The exterior of the house is rendered and painted white. Light-coloured travertine tiles are used in the staircases leading down to the garden and in the living hall there is ivory-coloured linoleum. The entrance is panelled with dark palisander wood. The back wall of the living area is made from beautiful onyx, the same division as in the glass wall opening towards the garden. The original furniture and some of the pieces were made specifically for this house, such as the so-called Tugendhat chair, in chromium-plated flat steel elements and upholstered in stitched leather. The living area was furnished in such a way that each piece had its specific place. The mechanical equipment designed and built for the house was also exceptional, including special structural solutions for the use of steel pillars, for processing the onyx wall that was brought from the African Atlas Mountains, and for the electrically operated large steel-frame windows. The house had central heating and an air-conditioning system with a regulated fine-spray humidifying chamber.
Source: UNESCO/CLT/WHC

Historical Description

The Tugendhat Villa was designed by the German architect, Mies van der Rohe (1886-1969), for Grete Weiss and her husband Fritz Tugendhat, members of wealthy industrial families in the city of Brno in former Czechoslovakia. The architect accepted the commission in 1927, and the design process lasted about two years, parallel with designing the German Pavilion (1928-29) at the International Fair in Barcelona, commissioned by the German Government. The construction of the Tugendhat Villa was completed by the end of 1930. The architect took charge of the project down to the smallest detail, also designing all the furniture of the house, designs that have become world-renowned.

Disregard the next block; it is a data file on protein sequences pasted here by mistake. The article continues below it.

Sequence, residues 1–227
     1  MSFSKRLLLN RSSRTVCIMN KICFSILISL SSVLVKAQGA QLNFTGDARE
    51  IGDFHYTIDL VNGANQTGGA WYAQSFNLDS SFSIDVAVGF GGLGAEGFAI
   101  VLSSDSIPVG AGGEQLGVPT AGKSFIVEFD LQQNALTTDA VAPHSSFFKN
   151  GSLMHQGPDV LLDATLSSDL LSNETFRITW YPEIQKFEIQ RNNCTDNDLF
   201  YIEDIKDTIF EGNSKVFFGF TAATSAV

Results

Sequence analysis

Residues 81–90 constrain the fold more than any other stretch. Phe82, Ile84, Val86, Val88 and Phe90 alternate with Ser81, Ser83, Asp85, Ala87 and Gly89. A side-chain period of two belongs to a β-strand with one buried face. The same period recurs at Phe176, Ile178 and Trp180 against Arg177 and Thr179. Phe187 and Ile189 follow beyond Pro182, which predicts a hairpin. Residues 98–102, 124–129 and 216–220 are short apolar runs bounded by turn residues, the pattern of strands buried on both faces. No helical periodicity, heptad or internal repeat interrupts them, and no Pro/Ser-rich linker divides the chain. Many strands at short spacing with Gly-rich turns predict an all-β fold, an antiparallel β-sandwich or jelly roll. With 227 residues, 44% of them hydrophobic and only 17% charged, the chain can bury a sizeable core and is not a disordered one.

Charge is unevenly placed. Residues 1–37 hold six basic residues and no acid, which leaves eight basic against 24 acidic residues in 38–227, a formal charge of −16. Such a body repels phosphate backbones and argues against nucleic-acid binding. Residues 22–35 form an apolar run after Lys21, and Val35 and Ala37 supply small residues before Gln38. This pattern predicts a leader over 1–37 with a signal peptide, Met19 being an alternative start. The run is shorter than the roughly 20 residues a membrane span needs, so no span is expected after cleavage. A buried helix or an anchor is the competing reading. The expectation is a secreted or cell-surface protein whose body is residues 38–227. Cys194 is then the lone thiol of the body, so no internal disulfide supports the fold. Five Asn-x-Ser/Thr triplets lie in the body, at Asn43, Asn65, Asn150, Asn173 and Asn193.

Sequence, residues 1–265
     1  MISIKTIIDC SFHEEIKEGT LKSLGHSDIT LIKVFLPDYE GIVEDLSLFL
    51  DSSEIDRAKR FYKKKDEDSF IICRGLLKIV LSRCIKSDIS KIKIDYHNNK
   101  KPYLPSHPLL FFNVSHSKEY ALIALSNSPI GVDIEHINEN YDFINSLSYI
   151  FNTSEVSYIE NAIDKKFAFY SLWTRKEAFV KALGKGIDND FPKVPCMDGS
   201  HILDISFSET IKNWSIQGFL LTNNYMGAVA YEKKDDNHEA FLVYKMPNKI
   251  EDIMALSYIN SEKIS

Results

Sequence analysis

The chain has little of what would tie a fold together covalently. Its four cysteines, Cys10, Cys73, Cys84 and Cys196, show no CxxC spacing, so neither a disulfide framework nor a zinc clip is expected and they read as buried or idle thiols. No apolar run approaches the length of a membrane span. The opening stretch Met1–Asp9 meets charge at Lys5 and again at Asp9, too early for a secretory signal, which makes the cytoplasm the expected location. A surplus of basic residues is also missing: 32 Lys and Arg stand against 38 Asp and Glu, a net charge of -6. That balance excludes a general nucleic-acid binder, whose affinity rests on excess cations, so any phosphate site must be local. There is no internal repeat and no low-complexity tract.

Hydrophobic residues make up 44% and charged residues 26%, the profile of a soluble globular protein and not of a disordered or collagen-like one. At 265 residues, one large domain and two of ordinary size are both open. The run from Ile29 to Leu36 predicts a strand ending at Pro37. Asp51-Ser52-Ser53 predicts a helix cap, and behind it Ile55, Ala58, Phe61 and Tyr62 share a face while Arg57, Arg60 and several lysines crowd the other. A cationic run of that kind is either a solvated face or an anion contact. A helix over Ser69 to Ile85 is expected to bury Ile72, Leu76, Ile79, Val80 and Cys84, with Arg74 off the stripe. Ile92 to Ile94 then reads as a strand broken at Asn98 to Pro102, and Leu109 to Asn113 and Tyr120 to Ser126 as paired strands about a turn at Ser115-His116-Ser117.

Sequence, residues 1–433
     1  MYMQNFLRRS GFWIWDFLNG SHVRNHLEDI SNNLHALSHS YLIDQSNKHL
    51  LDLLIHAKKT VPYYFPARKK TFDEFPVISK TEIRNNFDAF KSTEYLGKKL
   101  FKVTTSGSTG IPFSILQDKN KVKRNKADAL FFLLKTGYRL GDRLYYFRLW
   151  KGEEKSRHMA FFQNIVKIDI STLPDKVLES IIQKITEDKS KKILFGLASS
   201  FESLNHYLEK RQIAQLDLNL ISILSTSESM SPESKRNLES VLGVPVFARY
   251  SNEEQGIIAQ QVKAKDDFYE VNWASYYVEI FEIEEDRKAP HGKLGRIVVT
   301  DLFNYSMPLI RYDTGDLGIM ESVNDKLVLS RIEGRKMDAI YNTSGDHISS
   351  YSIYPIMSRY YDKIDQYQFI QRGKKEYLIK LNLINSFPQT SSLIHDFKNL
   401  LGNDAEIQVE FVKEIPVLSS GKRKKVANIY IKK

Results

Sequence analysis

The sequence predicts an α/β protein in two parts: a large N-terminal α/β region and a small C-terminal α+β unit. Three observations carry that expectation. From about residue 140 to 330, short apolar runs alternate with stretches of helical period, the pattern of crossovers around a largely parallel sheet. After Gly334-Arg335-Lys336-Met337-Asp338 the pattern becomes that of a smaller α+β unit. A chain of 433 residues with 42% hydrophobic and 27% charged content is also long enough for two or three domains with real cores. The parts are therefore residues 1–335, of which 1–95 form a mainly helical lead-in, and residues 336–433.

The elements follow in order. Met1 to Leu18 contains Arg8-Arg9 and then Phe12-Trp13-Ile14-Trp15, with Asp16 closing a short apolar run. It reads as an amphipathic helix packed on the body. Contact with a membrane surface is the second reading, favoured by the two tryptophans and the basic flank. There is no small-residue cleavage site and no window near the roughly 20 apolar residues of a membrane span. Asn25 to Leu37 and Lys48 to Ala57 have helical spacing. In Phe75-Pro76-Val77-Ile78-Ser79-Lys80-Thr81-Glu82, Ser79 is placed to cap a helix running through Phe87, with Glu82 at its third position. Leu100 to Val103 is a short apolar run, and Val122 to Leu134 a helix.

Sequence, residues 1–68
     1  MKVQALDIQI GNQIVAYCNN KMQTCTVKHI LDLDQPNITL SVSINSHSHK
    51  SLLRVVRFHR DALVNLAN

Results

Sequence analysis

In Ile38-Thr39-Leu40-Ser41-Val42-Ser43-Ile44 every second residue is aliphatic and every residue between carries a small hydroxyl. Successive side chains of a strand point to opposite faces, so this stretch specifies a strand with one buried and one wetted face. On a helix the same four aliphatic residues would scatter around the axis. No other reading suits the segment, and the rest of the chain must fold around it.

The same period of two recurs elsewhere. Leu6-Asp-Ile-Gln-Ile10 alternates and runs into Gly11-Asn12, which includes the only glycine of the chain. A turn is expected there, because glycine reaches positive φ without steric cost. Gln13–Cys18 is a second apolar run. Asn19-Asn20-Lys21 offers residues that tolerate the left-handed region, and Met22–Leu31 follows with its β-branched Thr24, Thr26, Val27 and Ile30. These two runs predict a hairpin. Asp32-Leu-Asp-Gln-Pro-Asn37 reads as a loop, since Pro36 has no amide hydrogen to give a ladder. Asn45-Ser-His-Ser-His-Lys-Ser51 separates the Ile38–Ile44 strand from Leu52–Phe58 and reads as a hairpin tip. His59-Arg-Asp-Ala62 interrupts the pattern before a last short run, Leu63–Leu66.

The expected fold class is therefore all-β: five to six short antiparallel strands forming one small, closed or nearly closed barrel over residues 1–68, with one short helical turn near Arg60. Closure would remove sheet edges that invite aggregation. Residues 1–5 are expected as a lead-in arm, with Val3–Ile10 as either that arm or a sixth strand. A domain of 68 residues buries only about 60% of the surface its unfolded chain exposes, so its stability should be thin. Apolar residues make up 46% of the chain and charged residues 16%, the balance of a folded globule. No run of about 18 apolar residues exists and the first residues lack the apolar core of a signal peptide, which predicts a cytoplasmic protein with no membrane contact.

Mies van der Rohe was one of the principal architects in the development of the Modern Movement in Architecture, which characterized design and construction in the 1920s and 1930s in Europe and North America. Originally from Aachen and then working in Berlin, he was influenced by the work and teachings of Behrens and Berlage, by the principles of the De Stijl movement, as well as by Frank Lloyd Wright. His early interests were in developing design concepts for high-rise buildings in reinforced concrete and glass in the early 1920s: he designed the Weissenhof apartments in Stuttgart in 1927, another key work in the Modern Movement. From 1926 Mies van der Rohe was a member of the Deutscher Werkbund, and from 1930 to 1933 he was Director of the Bauhaus in Dessau. He later moved to Chicago in the USA, teaching at the Illinois Institute of Technology and designing large office buildings, his later trademark. His furniture designs have become classics in the 20th century.
During the German occupation, the Tugendhat family left Czechoslovakia and the Villa was taken over by the German State in 1939. It lost most of its original furniture, and was subject to some alterations and damage - eg that caused by a bomb explosion in the neighbourhood in 1944. After the war, the building was taken over by the State of Czechoslovakia; it served a nearby children's hospital and then the national health institute of Brno, becoming the property of the City of Brno. In 1962 the Villa was protected as a national monument. There was increasing interest in restoring it, and the first study to this effect was made in 1971, leading to a restoration campaign in 1981-85, which guaranteed the continuation of the use of the building on a provisional basis. The Tugendhat Villa Fund was established in 1993, followed by the decision of the Friends of the Tugendhat Fund to undertake a scientific restoration of the building. This work took place beginning in 1994 and funds were raised to furnish the building with replicas of the original designs by Mies van der Rohe.